Oxidative inactivation of rhodanese by hydrogen peroxide produces states that show differential reactivation

P. M. Horowitz, S. Bowman

Research output: Contribution to journalArticlepeer-review

18 Scopus citations

Abstract

Controlled conditions have been found that give complete reactivation and long term stabilization of rhodanese (EC 2.8.1.1) after oxidative inactivation by hydrogen peroxide. Inactivated rhodanese was completely reactived by reductants such as thioglycolic acid (TGA) (100 mM) and dithiothreitol (DTT) (100 mM) or the substrate thiosulfate (100 mM) if these reagents were added soon after inactivation. Reactivability fell in a biphasic first order process. At pH 7.5, in the presence of DTT inactive rhodanese lost 40% of its reactivability in less than 5 min, and the remaining 60% was lost more gradually (t( 1/2 ) = 3.5 h). TGA reactivated better than DTT, and the rapid phase was much less prominent. If excess reagents were removed by gel filtration immediately after inactivation, there was time-dependent and complete reactivability with TGA for at least 24 h, and the resulting samples were stable. Reactivable enzyme was resistant to proteolysis and had a fluorescence maximum at 335 nm, just as the native protein. Oxidized rhodanese, partially reactivated by DTT, was unstable and lost activity upon further incubation. This inactive enzyme was fully reactivated by 200 mM TGA. Also, the enzyme could be reactivated by arsenite and high concentrations of cyanide. Addition of hydrogen peroxide (40-fold molar excess) to inactive rhodanese after column chromatography initiated a time-dependent loss of reactivability. This inactivation was a single first order process (t( 1/2 ) = 25 min). Sulfhydryl titers showed that enzyme could be fully reactivated after the loss of either one or two sulfhydryl groups. Irreversibly inactivated enzyme showed the loss of one sulfhydryl group even after extensive reduction with TGA. The results are consistent with a two-stage oxidation of rhodanese. In the first stage there can form sulfenyl and/or disulfide derivative(s) at the active site sulfhydryl that are reducible by thioglycolate. A second stage could give alternate or additional oxidation states that are not easily reducible by reagents tried to date.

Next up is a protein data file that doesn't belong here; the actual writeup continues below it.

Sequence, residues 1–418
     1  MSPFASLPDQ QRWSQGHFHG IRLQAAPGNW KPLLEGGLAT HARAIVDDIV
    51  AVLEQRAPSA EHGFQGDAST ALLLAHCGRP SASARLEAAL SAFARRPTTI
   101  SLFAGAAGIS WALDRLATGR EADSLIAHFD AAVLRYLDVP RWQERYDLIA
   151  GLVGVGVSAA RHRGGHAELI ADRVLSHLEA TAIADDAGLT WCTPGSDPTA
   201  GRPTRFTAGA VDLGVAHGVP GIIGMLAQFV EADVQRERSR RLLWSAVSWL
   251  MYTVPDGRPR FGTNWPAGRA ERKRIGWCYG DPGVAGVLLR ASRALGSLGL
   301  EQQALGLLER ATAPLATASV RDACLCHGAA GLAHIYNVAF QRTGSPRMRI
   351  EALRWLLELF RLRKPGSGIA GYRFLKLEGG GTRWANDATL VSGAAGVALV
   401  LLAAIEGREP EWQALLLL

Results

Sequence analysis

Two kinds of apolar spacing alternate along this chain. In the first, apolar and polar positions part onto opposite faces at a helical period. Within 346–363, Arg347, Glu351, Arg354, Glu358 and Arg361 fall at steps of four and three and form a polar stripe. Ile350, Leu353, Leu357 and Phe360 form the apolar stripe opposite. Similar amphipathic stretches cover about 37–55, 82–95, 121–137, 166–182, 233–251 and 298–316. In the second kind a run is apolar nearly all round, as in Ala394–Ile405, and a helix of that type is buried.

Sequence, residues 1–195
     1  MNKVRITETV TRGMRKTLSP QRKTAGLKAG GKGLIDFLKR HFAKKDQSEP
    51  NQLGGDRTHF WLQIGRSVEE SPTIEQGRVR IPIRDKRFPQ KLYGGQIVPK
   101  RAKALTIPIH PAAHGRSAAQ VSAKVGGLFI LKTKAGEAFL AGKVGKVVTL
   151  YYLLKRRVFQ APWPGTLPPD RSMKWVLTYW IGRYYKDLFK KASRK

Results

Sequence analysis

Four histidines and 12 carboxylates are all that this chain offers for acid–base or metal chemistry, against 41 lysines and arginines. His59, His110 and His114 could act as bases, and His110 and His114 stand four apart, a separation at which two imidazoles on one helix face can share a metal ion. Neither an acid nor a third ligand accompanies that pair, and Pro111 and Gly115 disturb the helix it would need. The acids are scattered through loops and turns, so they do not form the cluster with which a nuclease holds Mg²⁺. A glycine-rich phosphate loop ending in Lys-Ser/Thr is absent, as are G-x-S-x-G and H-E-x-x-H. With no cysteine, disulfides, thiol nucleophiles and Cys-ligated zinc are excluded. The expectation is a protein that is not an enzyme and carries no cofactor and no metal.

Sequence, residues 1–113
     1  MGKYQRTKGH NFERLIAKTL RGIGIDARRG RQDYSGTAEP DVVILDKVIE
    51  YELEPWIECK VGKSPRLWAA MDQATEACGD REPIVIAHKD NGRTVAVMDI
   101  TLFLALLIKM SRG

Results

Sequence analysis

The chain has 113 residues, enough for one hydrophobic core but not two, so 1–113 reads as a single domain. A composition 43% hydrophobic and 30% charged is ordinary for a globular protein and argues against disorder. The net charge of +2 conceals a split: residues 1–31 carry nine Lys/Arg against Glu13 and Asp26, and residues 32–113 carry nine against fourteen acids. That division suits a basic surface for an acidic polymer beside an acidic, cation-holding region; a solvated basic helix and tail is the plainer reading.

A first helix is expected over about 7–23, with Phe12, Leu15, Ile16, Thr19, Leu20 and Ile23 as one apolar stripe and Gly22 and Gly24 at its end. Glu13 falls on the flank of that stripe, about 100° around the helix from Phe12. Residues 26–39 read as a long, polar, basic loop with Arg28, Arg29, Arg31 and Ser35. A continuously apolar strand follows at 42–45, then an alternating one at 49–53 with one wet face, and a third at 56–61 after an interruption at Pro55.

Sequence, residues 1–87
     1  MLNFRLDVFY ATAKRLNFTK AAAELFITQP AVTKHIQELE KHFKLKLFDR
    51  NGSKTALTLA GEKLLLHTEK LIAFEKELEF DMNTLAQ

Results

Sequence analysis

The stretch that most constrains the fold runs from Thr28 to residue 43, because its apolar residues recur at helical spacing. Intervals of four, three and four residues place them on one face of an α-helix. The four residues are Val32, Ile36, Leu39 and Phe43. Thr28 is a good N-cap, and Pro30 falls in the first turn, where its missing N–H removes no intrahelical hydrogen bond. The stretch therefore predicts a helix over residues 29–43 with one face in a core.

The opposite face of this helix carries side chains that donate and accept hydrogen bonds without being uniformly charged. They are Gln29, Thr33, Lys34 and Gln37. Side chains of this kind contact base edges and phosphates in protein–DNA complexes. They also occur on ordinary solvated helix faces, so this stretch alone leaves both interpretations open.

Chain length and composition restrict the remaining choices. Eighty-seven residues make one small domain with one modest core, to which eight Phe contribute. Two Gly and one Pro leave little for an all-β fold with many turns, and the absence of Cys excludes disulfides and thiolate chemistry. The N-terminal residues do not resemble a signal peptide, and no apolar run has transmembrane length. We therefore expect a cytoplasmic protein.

Original languageEnglish (US)
Pages (from-to)3311-3316
Number of pages6
JournalJournal of Biological Chemistry
Volume264
Issue number6
StatePublished - 1989
Externally publishedYes

ASJC Scopus subject areas

  • Biochemistry
  • Molecular Biology
  • Cell Biology

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